Since the word “cult” has now been used so widely, the first thing we need to do is get clear about the defining characteristics of a cult. Some social scientists like to run through a checklist to determine whether a social grouping should be called a cult, but anyone who has encountered one or been in one knows that they are actually quite easy to distinguish.

The single most important feature of a cult is that it involves the sublimation of individual will and judgment through surrender to an external authority. That authority may come in the form of a charismatic teacher or it may be suffused across a group. In either case a social order exists that undermines the validity, authenticity, and moral authority of the cult member’s personal autonomy and judgment. Let thy will — not my will — be done.

This is where cults and social movements intersect. Both attach a higher value to the social fabric than to its individual strands. Where they differ — and this is all-important — is that one attempts to be inclusive in a widening circle of solidarity, whereas the other sees itself located in a spiritually embattled world. On the inside are the chosen, the saved, the enlightened; on the outside are lost souls. Social movements are in the business of empowering individuals collectively, not saving them.

By this measure, there is no cult of Obama. At the same time, Obama obviously has a fan base and some Obama fans can be as goofy as any others. Where the cult-analysis gets the Obama phenomenon completely wrong is the implication that the mass rallies are a vanguard that somehow sucks in much wider support.

Charles Krauthammer wants his readers to believe that we are witnessing the greatest political scam of all time as a “silver-tongued freshman senator has found a way to sell hope,” that he doesn’t attempt to explain how Obama closes the sale. Everyone acknowledges that Obama is appealing, inspiring and a great speaker, but these observations don’t explain the Obama phenomenon.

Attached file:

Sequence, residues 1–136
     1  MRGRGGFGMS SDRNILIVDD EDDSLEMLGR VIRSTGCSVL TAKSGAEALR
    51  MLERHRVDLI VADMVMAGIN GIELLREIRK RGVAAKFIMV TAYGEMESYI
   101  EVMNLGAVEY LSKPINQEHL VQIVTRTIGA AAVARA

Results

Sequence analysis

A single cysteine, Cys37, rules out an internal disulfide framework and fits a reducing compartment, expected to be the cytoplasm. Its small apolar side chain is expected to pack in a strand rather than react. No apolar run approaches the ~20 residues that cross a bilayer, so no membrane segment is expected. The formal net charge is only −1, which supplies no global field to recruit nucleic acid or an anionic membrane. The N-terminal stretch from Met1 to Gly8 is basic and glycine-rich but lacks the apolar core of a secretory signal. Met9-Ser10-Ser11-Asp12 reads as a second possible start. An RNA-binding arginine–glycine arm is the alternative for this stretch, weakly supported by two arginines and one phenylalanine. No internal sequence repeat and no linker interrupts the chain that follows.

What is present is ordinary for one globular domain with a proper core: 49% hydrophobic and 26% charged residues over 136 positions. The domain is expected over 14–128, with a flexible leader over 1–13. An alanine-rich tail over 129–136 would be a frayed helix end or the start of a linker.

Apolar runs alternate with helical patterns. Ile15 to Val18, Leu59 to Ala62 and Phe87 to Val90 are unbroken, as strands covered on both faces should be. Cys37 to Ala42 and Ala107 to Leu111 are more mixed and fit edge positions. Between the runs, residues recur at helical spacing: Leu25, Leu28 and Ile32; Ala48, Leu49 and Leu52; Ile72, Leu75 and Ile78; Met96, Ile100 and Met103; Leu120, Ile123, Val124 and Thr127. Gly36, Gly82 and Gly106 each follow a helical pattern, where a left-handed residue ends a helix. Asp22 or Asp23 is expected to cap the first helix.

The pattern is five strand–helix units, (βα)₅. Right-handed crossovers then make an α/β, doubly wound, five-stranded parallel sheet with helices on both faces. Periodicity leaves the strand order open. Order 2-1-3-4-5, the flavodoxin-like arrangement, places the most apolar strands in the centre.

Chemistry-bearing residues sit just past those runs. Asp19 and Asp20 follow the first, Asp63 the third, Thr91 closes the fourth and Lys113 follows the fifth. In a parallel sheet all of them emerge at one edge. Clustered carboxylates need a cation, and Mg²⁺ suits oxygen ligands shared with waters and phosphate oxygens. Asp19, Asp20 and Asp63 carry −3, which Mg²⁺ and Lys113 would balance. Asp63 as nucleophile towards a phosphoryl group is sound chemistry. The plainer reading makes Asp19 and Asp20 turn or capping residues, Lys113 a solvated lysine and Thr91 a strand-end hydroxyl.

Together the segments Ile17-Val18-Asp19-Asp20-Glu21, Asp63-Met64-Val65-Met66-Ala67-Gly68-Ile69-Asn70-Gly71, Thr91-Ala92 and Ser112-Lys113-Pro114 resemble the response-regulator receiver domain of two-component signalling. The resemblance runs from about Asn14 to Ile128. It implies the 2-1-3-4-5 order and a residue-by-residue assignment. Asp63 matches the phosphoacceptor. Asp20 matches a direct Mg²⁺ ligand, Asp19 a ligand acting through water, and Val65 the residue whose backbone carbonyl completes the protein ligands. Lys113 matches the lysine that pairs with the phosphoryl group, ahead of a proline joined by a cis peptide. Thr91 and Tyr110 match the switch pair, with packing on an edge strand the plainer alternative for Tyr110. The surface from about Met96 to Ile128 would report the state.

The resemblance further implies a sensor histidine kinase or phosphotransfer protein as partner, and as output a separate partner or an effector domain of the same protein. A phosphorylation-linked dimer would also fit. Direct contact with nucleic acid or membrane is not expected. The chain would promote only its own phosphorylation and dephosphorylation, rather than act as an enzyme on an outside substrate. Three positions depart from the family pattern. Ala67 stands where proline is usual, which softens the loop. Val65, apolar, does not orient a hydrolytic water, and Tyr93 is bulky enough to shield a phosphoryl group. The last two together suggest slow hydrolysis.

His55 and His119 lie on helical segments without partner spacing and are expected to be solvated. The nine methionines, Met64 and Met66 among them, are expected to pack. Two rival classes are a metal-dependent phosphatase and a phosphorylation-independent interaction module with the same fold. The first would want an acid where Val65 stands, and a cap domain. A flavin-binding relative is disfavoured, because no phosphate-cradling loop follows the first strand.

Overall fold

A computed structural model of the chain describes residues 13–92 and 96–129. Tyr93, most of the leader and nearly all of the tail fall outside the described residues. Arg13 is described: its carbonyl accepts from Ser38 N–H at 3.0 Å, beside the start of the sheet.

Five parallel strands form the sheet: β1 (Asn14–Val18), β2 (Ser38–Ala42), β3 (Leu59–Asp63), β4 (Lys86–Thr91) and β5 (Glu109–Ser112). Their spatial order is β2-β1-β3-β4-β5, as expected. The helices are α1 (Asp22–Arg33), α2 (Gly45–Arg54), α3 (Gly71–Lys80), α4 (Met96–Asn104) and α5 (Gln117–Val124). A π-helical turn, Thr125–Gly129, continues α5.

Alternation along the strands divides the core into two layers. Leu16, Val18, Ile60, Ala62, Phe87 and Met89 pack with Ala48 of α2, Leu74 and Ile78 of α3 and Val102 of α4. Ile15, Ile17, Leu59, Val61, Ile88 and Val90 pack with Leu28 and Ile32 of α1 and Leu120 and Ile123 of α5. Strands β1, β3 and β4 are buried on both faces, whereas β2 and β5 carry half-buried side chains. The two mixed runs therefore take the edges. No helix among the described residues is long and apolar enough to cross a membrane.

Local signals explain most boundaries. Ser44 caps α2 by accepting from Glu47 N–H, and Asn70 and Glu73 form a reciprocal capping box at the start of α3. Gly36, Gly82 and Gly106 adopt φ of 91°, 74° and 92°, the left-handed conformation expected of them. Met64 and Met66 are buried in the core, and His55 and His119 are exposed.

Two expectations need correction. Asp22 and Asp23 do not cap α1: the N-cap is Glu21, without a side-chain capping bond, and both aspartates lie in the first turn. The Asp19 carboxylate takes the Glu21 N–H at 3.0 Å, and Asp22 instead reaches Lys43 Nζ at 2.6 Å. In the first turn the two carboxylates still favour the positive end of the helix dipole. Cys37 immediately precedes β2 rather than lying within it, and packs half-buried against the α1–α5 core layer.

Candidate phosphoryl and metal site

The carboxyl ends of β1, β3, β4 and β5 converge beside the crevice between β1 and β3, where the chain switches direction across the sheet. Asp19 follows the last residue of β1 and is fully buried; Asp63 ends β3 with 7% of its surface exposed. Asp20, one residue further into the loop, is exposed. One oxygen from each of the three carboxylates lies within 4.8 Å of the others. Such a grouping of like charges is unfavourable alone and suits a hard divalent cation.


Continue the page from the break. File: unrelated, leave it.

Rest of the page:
If the product was all in the packaging, the Obama product has plenty of strong selling points: good looks, an easy smile, a golden baritone, a rousing orator. But that isn’t enough. He’s also a bit skinny, looks even more youthful than his mere 46 years, and his debating skills don’t match his speaking skills.

No, the Obama hook isn’t a silver tongue or a mysterious ability to provoke intemperate enthusiasm; it is that he is believable. He has pulled off a miracle that no one thought possible: in spite of his being a politician, people actually believe what he’s saying. What makes him believable is something anyone can recognize even if they don’t know its name: authenticity. This is more than sincerity. It isn’t simply that Obama means what he says but what he says resonates in who he is.

Whereas an election campaign can generally do more than prove or disprove the proposition of electability, Obama’s campaign is itself a demonstration of his ability to deliver what he promises in his presidency: that he can bring people together, bridge divisions, and inspire support. He isn’t just providing a foretaste of what an Obama presidency might look like and passing the litmus test of “looking presidential”; he’s exercising the closest thing to presidential leadership that anyone could have prior to entering office.

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11 thoughts on “CAMPAIGN 08 EDITORIAL: The Obama cult meme

  1. S. Agee

    I think authenticity isn’t quite the right word; credibility might be better. Obama has repeatedly declared himself able to do improbable things and then done them. His campaign has in every way been perfectly consonant with his idealistic message. This draws a contrast with his opponent, who has been much better at proclaiming herself ready to lead than she has been at providing any concrete reason to believe her.